The final scene of this movie destroys all that preceded it by creating a responsible hetero-normality that needs to be maintained. Adele, the character we follow throughout this movie, is allowed the experimentation of youth only to be reigned back in by the majority, the masculine influence subtly influencing all three evolution’s of this movie. Emma, being the artist and having blue hair when we first meet her, is highlighted as “alternative” and allowed to remain outside of “normality.” Adele is a teacher who is balanced badly against the passionate Emma, she becomes a caricature of a tourist who graduates with her career into hetero-normal interactions with the opposite sex.
In sacrificing a delineated time-frame, all notion of the significance of this relationship is lost. What remains is a portrait of how heterosexual men fantasize and infantasize lesbianism as sexual exploitation of youth that is easily swayed by penis. The not so hidden message is not one of exploration but of exploitation. Instead of focusing on the three-part story arch of a relationship, it focuses instead sexualisation of Adele by men. Her story is not defined by her relationship with Emma, but with the three very definitive men dominating, and book ending the graphic (unrealistic) lesbian sex scenes.
Part One of this story is the corruption a 15 year of Adele, who eats candy and sugary treats as if she had forgotten that this was indeed not Hansel and Gretel. She is searching for the intangible, undefinable, that will gift her herself. Her young, inexperienced boyfriend is found to be deficient and cast aside for the intriguing blue haired artist, Emma, who exposes her to the wider and a far more adult world of culture, sophistication, acceptance and sex. In Part two, an indeterminable amount of time has past and Adele is living with Emma. Emma, confident, is a woman comfortable with her desires and has followed her passion in life. She is unashamedly intelligent, well educated and has attracted a circle of friends reflective of these things. Adele, however, has forged a career that she thought she should, as a teacher, but it is clearly not her passion. She is unhappy, unbalanced and is unable to be as fulfilled within herself as Emma is. This leads to a lack of passion or interest and Adele is intimidated by Emma’s opinionated and intellectual friends, being unable to contribute. This leads Adele to an affair with the obligatory second act male, the defined bookend penis to rectify her incompleteness. This affair leads to an irrevocable break with Emma, unable to accept the devastating betrayal. Adele retreats into her grey, banal unchallenged existence, while Emma utilizes this within her art and can fall back on her friends.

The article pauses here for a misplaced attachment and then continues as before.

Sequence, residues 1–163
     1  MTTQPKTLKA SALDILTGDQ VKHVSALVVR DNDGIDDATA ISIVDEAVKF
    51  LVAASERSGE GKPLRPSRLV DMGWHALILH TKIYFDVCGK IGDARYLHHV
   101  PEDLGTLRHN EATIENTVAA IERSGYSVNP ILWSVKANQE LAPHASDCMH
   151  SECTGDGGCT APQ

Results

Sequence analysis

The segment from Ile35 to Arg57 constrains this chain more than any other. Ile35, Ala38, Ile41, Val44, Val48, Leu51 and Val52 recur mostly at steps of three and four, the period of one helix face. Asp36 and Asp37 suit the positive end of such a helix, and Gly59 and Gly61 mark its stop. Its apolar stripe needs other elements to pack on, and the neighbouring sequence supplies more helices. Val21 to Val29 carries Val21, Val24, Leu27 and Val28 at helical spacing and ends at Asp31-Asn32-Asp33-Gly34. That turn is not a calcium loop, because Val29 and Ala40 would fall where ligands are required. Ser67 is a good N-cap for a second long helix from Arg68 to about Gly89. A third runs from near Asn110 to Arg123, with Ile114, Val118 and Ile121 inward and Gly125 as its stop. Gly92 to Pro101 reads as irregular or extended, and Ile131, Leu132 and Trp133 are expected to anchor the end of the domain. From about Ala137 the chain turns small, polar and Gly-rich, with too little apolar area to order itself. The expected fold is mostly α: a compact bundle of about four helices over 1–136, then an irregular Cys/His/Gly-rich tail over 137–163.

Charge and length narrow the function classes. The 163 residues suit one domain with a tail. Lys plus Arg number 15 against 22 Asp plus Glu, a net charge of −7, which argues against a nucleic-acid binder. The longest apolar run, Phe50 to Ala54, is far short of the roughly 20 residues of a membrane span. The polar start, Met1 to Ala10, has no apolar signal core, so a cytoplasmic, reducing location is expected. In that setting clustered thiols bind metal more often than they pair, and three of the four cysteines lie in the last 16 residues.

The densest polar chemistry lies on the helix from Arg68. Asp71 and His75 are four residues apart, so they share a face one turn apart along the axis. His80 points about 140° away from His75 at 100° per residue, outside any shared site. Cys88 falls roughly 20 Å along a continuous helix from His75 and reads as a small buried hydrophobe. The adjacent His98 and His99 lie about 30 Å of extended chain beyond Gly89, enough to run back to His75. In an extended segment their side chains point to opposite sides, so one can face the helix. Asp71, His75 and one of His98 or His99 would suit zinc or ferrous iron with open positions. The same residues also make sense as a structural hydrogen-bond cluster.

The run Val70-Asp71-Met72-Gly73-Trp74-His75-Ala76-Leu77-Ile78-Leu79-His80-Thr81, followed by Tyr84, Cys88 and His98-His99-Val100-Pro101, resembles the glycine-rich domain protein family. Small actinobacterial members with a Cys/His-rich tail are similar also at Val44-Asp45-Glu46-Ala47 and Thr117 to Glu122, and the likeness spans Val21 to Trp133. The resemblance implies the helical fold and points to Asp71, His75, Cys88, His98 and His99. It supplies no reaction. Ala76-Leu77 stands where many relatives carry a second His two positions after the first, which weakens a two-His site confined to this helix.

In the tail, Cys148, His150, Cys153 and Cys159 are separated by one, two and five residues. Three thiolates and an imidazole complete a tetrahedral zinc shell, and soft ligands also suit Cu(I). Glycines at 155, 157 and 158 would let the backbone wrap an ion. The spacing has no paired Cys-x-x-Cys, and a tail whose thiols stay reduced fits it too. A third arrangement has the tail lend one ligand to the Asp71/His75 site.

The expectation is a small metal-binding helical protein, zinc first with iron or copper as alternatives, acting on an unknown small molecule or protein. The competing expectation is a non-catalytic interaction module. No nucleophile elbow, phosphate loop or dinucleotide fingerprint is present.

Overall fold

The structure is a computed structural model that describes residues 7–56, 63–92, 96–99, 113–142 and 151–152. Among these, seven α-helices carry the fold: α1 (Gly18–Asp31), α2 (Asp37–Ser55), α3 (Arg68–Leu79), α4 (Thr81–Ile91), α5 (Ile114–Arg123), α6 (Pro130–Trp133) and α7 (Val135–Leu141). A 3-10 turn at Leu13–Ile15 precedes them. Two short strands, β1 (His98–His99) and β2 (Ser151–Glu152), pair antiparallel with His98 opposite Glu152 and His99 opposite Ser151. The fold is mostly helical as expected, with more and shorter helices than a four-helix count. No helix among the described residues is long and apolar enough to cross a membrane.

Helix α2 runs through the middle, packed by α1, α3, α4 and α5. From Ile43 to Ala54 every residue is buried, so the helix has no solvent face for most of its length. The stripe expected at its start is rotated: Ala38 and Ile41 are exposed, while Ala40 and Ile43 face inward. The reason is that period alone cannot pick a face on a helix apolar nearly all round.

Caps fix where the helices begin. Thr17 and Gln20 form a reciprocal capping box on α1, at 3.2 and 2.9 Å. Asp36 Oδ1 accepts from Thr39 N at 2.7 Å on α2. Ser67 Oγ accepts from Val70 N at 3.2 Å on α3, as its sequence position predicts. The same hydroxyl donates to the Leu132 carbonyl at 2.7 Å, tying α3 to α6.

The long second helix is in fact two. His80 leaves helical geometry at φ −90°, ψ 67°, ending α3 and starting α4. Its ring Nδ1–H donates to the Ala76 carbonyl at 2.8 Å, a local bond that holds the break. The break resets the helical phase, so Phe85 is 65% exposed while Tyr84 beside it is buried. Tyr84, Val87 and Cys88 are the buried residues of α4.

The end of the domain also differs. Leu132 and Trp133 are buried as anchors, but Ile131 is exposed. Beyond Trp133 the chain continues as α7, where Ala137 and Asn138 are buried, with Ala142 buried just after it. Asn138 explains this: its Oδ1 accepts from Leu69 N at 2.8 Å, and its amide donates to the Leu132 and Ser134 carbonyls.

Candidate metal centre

Another indeterminable amount of time later (I have seen it estimated at three years) we again meet with Adele for the third act. She contacts Emma and meets her at a cafe, only to find that she, confident and comfortable, has moved on and in with a partner. Although expressing tenderness for Adele, Emma rejects any notion of a return to a relationship. Attending Emma’s exhibition, Adele recognizes it as an example of her own failure and of Emma’s success, and leaves the exhibition. She is chased by another male. Three parts, three time periods, three males.
This is how alleged lesbian movies fail Lesbians, and to a wider extent, Queer movies fail the Queer community. Instead of being a failed love story, the insinuation is that Adele is easily pursued by male members of the community and has marginalized her experiences to youth and follie. Coming out movies are valuable to younger members of the Queer community and should not be underestimated, but when movies like Blue is the Warmest Colour are release, they should be honest about content and intent. This movie is not about lesbians or queer relationships. It is not even a failed love story. It is about how Lesbians are fetishised in a masculine culture for the gratification of men. Want more evidence? Just watch those ludicrous, unrealistic sex scenes.